“My lover’s got humour,
She’s the giggle at a funeral”
After sitting through an abysmal game, I sit in the car to begin the nearly hour-long trek to the outer eastern suburbs of Melbourne. Sopping wet, my already-tight jeans plastering themselves to my legs and having found several new holes in my well-worn boots, I declare to Dad that there is no way on earth that we are listening to talkback.
I bought Hozier tickets earlier today, and so that’s what we’re listening to. The first lines of the first song are a low blow to the stomach. I know that humour. I live that humour. The black humour Richmond speciality. The giggle at a funeral. That’s what we witnessed tonight.
Halfway down Batman Avenue onto the Monash, where two lanes go to one and traffic is at a standstill, I clamber over to the back of the car to grab my laptop as inspiration (or desperation) strikes. Writing is the only way I’m going to get through this one. Dad had asked earlier over dinner whether I had any Almanac pieces in the pipeline. I do now.
I get a text from a friend, who I’d been messaging with most of the match until the rain came and the goals stopped – “They were piss weak. That’s all”. Brutally honest and full of pain. I can guarantee that’s how 99% of Richmond supporters are feeling right now, at 11.30pm on Friday night.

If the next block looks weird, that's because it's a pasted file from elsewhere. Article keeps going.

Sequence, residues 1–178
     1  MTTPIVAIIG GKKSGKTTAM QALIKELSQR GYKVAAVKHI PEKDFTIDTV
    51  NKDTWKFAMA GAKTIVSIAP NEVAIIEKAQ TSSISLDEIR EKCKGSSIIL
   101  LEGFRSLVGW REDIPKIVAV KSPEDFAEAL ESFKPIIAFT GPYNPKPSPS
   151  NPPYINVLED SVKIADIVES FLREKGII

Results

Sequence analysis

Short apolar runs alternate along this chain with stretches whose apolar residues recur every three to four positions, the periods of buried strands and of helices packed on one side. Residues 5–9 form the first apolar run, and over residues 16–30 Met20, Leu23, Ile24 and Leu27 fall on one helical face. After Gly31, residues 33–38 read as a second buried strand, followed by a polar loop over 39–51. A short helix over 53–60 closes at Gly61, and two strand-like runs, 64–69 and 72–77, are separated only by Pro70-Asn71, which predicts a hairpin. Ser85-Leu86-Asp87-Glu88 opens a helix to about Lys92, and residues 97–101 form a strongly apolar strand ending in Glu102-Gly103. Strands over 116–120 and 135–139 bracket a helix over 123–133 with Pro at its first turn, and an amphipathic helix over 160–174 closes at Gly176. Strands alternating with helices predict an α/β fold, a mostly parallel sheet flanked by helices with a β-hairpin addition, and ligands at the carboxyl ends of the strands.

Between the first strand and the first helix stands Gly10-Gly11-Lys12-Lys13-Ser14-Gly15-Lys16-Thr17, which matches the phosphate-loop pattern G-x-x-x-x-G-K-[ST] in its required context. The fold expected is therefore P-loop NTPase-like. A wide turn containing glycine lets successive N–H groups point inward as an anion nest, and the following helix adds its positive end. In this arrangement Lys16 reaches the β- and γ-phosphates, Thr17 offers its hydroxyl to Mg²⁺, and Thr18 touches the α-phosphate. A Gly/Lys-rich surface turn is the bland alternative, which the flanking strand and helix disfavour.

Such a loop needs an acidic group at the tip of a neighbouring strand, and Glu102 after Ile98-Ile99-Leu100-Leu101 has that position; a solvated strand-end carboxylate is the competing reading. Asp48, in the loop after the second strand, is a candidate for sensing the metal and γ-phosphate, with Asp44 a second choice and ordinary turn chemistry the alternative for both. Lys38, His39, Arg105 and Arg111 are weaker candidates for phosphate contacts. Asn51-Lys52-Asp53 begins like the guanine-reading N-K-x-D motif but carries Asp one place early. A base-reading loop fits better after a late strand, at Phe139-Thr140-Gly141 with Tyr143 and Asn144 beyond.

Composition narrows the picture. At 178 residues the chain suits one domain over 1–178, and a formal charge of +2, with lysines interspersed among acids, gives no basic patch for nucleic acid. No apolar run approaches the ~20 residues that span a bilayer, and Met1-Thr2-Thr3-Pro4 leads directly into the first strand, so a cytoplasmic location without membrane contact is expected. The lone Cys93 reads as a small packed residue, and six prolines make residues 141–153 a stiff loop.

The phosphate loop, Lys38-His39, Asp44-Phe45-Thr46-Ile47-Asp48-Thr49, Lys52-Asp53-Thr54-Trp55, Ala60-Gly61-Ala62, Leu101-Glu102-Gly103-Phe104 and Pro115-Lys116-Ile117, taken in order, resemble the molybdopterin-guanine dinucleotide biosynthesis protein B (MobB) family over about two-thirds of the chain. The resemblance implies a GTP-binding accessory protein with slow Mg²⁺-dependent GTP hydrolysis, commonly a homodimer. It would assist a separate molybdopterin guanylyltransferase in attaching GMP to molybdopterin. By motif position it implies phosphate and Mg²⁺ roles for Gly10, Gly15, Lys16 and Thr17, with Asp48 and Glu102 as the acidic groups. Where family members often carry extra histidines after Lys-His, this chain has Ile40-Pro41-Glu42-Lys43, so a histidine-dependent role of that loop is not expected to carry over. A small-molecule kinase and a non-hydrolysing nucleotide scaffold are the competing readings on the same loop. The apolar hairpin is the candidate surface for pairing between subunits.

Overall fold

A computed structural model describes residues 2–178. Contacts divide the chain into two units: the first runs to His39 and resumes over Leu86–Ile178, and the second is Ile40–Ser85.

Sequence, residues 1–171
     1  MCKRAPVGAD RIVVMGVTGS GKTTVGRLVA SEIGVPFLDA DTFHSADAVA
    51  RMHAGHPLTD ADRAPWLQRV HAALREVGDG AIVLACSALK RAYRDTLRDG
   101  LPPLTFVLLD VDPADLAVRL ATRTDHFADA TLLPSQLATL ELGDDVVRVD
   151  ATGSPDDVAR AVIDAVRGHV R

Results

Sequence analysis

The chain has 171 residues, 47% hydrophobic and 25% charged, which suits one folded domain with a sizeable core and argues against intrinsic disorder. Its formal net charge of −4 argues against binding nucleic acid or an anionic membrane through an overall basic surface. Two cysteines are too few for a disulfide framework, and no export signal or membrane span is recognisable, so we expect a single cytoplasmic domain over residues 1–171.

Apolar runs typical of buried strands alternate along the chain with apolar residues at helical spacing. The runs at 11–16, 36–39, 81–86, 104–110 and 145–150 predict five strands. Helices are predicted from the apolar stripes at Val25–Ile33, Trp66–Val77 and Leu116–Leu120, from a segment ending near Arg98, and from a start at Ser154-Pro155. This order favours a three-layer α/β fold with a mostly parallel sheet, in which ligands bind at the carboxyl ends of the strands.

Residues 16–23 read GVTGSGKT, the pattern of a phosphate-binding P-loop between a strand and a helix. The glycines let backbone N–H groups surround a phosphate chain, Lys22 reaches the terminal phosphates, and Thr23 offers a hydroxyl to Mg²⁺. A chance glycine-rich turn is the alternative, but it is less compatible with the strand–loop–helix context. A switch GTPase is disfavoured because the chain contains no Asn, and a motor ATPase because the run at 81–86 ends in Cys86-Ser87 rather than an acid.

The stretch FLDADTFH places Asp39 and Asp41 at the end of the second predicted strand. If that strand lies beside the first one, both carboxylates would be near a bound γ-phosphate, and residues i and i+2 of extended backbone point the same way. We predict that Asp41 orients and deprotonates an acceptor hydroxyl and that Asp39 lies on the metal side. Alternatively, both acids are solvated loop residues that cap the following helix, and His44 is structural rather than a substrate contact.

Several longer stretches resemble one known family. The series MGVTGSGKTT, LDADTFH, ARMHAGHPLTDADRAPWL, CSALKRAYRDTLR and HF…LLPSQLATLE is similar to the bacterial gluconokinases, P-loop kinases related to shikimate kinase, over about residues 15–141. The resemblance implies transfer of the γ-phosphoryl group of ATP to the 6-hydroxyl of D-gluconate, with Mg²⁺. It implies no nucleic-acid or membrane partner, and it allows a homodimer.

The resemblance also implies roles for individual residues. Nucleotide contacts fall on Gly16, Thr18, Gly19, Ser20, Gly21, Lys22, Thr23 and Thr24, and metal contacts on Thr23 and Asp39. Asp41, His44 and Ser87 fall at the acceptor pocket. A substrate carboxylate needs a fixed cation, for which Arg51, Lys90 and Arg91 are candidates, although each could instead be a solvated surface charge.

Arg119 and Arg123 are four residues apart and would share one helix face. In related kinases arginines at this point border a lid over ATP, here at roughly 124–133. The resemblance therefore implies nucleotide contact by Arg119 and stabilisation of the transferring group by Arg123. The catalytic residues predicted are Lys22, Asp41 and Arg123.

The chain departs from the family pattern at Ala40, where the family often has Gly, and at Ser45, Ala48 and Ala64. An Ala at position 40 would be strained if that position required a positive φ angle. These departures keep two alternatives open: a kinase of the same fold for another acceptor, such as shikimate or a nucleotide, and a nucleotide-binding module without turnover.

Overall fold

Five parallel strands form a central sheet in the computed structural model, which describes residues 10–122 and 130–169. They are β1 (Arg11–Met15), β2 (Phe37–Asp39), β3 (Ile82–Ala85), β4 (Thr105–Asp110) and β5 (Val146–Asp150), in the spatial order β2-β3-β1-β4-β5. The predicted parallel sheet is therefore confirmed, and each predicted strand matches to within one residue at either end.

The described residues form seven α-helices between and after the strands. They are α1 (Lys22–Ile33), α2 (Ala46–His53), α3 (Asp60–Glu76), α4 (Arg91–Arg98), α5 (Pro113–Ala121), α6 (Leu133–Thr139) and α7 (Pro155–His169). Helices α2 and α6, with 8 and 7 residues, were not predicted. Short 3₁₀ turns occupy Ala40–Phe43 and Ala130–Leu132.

Richmond were as poor as I’ve ever seen them play. Ever. I’m a nineties baby, I got the tail-end of the Frawley years, the “five year plan” of Wallace and the painful 0-9 start of Dimma’s coaching career. And this was the worst.
“’We were born sick,’
You heard them say it,”
And classic Richmond, they started so full of hope. Nathan Gordon, who always reminds me of a puppy with his big eyes and manic running, kicked the first goal inside a minute. Griff was up and about, taking speckies and getting involved. But he missed his first two shots dreadfully. The first crack appeared, and the smart-arse who sits three rows ahead of me against the railing provided the first instance of the Richmond humour we employ to get through the whole grieving process. “Vickery would have kicked that one!” he said to knowing sniggers.
We swing from the Monash onto Eastlink, heading, in a strange way, back to the city. I break the silence that has lasted since I picked up my laptop back on Batman Avenue. “I got Hozier tickets today.”
“Where is it?”
“The Palais. Second show. He sold out the first in two minutes.”
“Who are you going with?”
My youngest sister is a St Kilda supporter, and has been in mourning ever since they lost the 2010 Grand Final, but has a new “bae” in Josh Bruce. Conversation over, back to writing. This is cathartic.
“What have you got in the stable?
We’ve a lot of starving faithful.”
Melbourne were outplaying us, but by some weird quirk of nature (probably just a continuation the Richmond rollercoaster storyline that has developed over so many unexpected losses), we were up at quarter time. Melbourne got on top in the second quarter, yet went into the break only two points up. Shane Edwards, my new favourite player following the double retirements of Jackson and King, has kept us in the game – his class shining above the dismal display of skills currently on show. The ball pinballed back and forth in a display more suited to an under nines netball match, where the girls are physically unable to catch or throw with any power whatsoever.